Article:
Sleeping on the Streets: University Students “Homeless” for 5 Days

March 23, 2012 10:27 am
U of O team on first day of campaign

Last week, students from Carleton University and the University of Ottawa hit the streets of Ottawa to raise awareness on homelessness in Canada. A national campaign, 5 Days for the Homeless invites university students to live “homeless” on their campus and raise money and awareness for a local charity of their choice.

The initiative was created in 2005 by students from the University of Alberta’s School of Business. This year, students from 24 universities across Canada participated in 5 Days for the Homeless. As part of the campaign, participants agreed to sleep outdoors for 5 days and 5 nights and panhandled to collect money for their chosen charity.

Both Carleton University and the University of Ottawa chose Operation Come Home as their charity for this year’s campaign. Operation Come Home (OCH) works with at-risk and homeless youth, in order to prevent them from becoming homeless adults. OCH offers many programs and services for homeless youth, in areas like education, outreach, housing and employment.

Shelter for Students at Carleton

“We were thrilled to be chosen as this year’s charity for the 5 Days for the Homeless campaign at both Carleton University and the University of Ottawa,” explained Jamie Hammond, Financial Literacy and Communications Officer at OCH. “It was our second year working with both schools; both teams have an honest respect and appreciation for the services that we offer at OCH.” This year, Carleton established a goal of raising $12,500 while the University of Ottawa’s goal was $10,000.

Students who participated in this initiative followed a specific set of rules during the 5 days. These rules included:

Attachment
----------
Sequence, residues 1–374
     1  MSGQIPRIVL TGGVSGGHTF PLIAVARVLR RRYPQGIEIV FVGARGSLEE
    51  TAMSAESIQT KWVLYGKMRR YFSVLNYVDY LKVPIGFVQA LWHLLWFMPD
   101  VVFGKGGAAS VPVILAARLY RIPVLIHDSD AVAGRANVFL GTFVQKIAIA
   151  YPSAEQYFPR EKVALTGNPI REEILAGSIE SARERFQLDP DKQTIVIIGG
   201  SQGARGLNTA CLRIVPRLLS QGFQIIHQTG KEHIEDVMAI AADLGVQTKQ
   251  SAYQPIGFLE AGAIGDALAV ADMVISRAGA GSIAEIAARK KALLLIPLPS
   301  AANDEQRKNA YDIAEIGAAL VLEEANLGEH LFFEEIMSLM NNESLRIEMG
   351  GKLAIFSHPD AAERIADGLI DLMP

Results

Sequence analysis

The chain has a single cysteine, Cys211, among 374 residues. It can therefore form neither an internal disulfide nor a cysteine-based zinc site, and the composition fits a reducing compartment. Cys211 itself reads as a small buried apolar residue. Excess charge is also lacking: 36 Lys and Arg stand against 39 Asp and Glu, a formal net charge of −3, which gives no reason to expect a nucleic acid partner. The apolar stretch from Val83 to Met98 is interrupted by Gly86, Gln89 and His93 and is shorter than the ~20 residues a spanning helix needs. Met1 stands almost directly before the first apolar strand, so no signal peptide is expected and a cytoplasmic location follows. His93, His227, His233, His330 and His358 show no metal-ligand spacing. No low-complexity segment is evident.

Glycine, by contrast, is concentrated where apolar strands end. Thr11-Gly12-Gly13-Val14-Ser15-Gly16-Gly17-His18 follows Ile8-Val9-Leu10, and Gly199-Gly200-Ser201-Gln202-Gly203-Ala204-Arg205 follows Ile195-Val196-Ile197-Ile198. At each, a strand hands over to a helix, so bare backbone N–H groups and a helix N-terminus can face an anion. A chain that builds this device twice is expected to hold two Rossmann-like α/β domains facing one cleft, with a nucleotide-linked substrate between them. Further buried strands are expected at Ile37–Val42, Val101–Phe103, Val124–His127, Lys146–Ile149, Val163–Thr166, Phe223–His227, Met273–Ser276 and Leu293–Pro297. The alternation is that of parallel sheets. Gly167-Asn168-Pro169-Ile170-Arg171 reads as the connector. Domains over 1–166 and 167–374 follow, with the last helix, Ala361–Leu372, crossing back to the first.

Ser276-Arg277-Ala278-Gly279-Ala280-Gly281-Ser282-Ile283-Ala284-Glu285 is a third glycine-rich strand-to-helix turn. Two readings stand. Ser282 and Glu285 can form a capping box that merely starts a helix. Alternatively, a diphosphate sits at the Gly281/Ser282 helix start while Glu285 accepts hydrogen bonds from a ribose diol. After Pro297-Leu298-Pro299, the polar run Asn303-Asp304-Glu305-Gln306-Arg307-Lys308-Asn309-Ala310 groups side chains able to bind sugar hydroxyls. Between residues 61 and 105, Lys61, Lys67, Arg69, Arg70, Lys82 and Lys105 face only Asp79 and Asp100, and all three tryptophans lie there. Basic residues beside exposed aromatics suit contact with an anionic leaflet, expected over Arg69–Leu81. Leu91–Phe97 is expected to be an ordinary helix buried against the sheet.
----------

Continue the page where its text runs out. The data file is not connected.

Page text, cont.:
– Remaining on campus for the entire five days of the campaign.
– Participants were only allowed to eat food that was donated to them.
– Participants were not allowed to shower during the five days.
– Washrooms could only be accessed when campus buildings were open.
– Participants were not allowed to use their laptops and cell phones.

In addition to following these rules, students had to attend all their classes and complete all their assignments.

During the 5 days of the campaign, staff and youth from OCH visited the sites where the students were staying. “The participants were part of an important campaign, and we felt that by visiting them we were able to demonstrate our thanks and support,” said Hammond. Staff members at OCH brought snacks and coffee during different times of the day. Participants of OCH’s Health Matters program prepared supper to the students at both Carleton and University of Ottawa once during the week. “Volunteering to sleep outside for five days is a pretty big sacrifice, so we wanted to show them how much we appreciated what they were doing.”

Shelter for Students at U of O

In addition, participants received visits from several special guests during the five days. Justin Trudeau slept at the Carleton campus on the Monday night, while Olivia Chow visited participants at the University of Ottawa. Mathieu Fleury, City Counsellor in Ottawa, served coffee at the University of Ottawa Monday morning while the Dean of Carleton’s Sprott Business School slept outside on campus Tuesday night. Finally, on Friday, Elizabeth May, leader of the Green party, visited the participants at the University of Ottawa while Yasir Naqvi, MPP for Ottawa Centre, stopped by Carleton to speak with participants.

After the 5 days, the students of Carleton managed to raise $10,116.22. Meanwhile, the University of Ottawa came close to their goal with $8,801.83 raised. Both teams worked tirelessly and their hard work definitely paid off. So far, a grand total of $231,523 has been raised by universities across Canada who participated in the campaign.

“5 Days for the Homeless is important because it can bring homelessness “closer to home” for some people,” said Hammond. “By coming together on campus, the participants were able to spread awareness about youth homelessness in a big way and they have the opportunity to talk with their peers about a problem that currently exists in Ottawa.”

Want to help eliminate homelessness in Canada? It’s not too late to help! To make a donation or for more information, please visit the 5 Days for the Homeless website.

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